When you wish upon Kristine Starr…

…makes no difference, who you are. Your dreams come true.


Writers are a very solitary lot. Tis the blessing and the curse. Here we have a short prologue to a story by Kristine Starr, and, as is often the case with other entries that flirt with the dark side, we are hoping it is not autobiographical. And yet, who among us has not felt what she has so bravely laid down in words here?  Read, listen to Joni Mitchell, and send a little love to our authoress, who, incidentally is one of the most brilliant editors I know.

Here is her prologue.


by Kristine Starr


How do I always end up in these situations?
You would think that I’d learn one of these times. Don’t get into a car with strangers. And since you never ever really know someone, everyone ends up being a stranger.
Still, here you are.  In the middle of the desert, still getting triggered by flashbacks
that cut you in half – unable to focus on the present because of what the past meant to
you…and losing control with every passing mile.
Its almost too much to know at once…to hear sentences and words form from the lips of your lover, to feel how much they hurt you and to know that you are powerless to change the circumstances, the situation, the feelings that brought you here and the events that led up to this.
“I would fix it if I could,” you want to whisper in their head, “I would take it all back and never come here, never put you in this situation and the world would be irrevocably different.”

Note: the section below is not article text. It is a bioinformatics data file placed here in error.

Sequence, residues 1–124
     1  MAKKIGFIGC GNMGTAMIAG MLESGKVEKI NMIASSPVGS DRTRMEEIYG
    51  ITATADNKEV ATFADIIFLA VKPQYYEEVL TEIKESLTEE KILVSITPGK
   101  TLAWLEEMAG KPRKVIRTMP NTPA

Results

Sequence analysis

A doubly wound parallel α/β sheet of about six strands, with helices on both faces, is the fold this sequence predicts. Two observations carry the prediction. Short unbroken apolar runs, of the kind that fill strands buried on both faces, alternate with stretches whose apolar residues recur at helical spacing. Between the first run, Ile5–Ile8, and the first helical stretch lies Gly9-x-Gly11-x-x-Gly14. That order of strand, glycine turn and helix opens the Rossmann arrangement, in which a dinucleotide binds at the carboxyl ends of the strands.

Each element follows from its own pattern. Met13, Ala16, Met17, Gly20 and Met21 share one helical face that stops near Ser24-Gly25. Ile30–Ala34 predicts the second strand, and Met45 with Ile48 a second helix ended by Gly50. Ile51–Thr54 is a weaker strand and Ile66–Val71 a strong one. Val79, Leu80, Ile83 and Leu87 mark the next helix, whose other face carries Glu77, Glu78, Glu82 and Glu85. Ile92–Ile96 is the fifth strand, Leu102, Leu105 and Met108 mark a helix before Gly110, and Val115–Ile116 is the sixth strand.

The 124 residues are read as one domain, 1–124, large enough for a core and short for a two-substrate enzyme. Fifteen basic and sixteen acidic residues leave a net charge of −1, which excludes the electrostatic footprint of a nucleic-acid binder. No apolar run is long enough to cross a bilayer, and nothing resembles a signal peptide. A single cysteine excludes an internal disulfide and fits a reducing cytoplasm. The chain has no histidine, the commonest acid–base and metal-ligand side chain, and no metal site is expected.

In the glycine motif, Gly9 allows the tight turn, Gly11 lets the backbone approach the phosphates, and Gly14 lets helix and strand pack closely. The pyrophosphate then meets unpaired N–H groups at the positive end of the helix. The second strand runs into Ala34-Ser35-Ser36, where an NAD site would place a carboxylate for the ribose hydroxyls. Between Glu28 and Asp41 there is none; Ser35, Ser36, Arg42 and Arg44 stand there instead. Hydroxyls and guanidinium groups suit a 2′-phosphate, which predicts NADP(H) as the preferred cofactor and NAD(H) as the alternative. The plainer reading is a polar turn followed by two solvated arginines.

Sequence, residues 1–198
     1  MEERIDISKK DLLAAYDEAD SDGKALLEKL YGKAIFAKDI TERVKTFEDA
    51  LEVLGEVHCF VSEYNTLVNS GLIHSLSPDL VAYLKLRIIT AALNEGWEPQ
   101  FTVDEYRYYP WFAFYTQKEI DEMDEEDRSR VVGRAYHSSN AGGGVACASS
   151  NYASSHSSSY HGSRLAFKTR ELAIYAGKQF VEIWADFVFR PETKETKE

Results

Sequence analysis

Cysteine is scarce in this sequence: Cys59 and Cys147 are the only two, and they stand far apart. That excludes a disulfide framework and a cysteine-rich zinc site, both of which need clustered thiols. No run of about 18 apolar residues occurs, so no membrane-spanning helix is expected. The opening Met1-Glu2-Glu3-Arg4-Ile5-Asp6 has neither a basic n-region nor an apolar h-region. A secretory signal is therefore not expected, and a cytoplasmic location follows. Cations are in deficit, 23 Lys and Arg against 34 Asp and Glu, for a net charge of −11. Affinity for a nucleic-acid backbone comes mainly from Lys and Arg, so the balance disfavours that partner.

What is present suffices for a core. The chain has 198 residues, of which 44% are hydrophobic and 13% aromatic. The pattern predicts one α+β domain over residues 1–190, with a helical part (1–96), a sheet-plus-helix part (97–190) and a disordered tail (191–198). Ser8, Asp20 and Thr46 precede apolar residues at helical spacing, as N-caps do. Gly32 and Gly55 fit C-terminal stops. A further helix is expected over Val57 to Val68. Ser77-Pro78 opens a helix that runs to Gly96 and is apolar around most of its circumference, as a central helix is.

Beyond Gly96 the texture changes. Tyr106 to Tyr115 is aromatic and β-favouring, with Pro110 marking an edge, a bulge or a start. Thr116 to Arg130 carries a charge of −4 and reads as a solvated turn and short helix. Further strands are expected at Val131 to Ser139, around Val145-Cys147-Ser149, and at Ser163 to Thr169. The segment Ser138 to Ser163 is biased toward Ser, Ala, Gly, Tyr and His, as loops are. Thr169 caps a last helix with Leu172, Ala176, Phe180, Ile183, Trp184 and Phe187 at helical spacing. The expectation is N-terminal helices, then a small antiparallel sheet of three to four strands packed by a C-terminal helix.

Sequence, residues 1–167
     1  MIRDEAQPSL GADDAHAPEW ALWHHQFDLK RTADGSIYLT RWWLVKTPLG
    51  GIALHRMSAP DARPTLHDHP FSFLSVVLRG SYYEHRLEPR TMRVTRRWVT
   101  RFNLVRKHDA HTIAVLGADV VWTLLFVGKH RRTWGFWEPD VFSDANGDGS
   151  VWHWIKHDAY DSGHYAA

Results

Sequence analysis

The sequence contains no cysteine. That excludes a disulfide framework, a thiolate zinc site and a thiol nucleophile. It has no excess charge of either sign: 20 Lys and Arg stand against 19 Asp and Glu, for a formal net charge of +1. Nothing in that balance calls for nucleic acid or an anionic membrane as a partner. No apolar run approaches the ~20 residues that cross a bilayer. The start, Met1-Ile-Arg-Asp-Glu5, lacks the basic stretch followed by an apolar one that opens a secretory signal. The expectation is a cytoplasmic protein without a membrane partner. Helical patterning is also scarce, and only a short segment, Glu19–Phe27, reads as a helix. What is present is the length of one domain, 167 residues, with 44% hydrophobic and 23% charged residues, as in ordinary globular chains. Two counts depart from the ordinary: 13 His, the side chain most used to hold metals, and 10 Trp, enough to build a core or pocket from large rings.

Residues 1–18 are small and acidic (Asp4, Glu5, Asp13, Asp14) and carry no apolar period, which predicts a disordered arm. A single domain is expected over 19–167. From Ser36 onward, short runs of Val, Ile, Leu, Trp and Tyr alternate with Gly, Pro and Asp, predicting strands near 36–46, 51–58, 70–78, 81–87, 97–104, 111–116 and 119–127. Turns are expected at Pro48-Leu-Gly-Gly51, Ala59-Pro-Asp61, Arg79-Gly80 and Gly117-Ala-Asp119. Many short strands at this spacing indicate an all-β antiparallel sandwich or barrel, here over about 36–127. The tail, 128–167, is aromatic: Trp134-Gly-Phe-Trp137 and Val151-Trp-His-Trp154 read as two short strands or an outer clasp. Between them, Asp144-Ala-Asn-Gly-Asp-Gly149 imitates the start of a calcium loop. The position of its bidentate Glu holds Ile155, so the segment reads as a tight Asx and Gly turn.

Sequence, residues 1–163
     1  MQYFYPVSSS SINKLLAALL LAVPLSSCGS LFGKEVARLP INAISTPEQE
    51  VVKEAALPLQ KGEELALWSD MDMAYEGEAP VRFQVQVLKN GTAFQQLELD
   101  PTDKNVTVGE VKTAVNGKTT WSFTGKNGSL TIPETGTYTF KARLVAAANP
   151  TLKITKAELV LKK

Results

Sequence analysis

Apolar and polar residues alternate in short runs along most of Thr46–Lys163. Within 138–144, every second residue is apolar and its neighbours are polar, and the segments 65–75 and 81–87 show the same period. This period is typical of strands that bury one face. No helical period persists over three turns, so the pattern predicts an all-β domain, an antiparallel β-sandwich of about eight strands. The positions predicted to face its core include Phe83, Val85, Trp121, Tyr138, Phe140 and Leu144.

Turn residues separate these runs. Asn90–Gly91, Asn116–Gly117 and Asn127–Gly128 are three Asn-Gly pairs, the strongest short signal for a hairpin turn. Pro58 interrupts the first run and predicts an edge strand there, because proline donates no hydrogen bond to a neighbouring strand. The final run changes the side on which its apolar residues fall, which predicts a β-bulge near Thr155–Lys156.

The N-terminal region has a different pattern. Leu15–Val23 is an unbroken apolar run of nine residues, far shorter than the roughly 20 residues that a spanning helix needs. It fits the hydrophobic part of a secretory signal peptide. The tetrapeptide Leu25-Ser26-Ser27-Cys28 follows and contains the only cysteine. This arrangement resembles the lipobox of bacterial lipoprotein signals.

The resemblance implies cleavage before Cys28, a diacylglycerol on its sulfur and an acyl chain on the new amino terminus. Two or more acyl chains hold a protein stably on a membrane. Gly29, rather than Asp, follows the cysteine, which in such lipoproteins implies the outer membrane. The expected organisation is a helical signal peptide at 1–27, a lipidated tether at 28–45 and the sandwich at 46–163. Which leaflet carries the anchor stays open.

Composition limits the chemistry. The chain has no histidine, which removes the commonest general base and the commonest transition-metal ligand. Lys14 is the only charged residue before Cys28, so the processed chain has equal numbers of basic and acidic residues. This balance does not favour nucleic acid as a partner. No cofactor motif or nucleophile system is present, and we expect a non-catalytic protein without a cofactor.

But you can’t say that.
You can’t change a motherfucking thing.
It’s the same lesson every time.
You are too much.
You are too much for people to handle, you are too much for people to keep up with and you are too much for people to love.
That little voice (the one that is always annoyingly, incessantly correct) is
whispering to you again, “Everyone will leave you and you will be left alone.”
Which, if you were really being honest with yourself is how you like it, because it means never ever making another person happy except yourself, it means never having to compromise and shut up. It means never getting ignored or slapped or having to fake it when you just have nothing fucking left.
It means never hiding in the shower or kitchen…doing anything as slowly as you possibly can because it will delay the torture, it will postpone the agony, the feeling, the isolation and the pain.
And the killer thought you are left with – the one that really keeps you up at night- is, “If you know all this, why are you in this situation again?”



7 thoughts on “When you wish upon Kristine Starr…

  1. Parisianne Modert says:

    Kristine Starr’s prologue might be best titled, “Deja Vu Fuck”, but regardless here is a raw, but well trimmed, meaty piece of writing which left me asking the question, “Soulmate?”.

    I’m sure I’m the only person reading her prologue to have one or many of the thoughts, Kristine so bluntly slams on the page with distain, regret, but honesty. If you are anyone similar to me, you put a check mark beside point after point thinking, I have so done that one or been there.

    Because of the concise editing, richness of depth and sharp-edged personal candidness, I am awed and exhausted before Chapter One begins. Yet, this memoir opener has me hooked, lined and sinkered making this prologue irresistible.

  2. Parisianne Modert says:

    Paragraph two should start with: “I’m sure I’m not the only”… how do we edit under this format Mr. Editor-in-Chief or staff worker?

  3. Beverly Lucey says:

    A very good set up that makes any reader want to know, OK, what’s the situation, NOW? as though she’s predictable. But the reader, of course, can’t know anymore than what we are reading. Meaning we have to continue reading. What more can one ask of a prologue?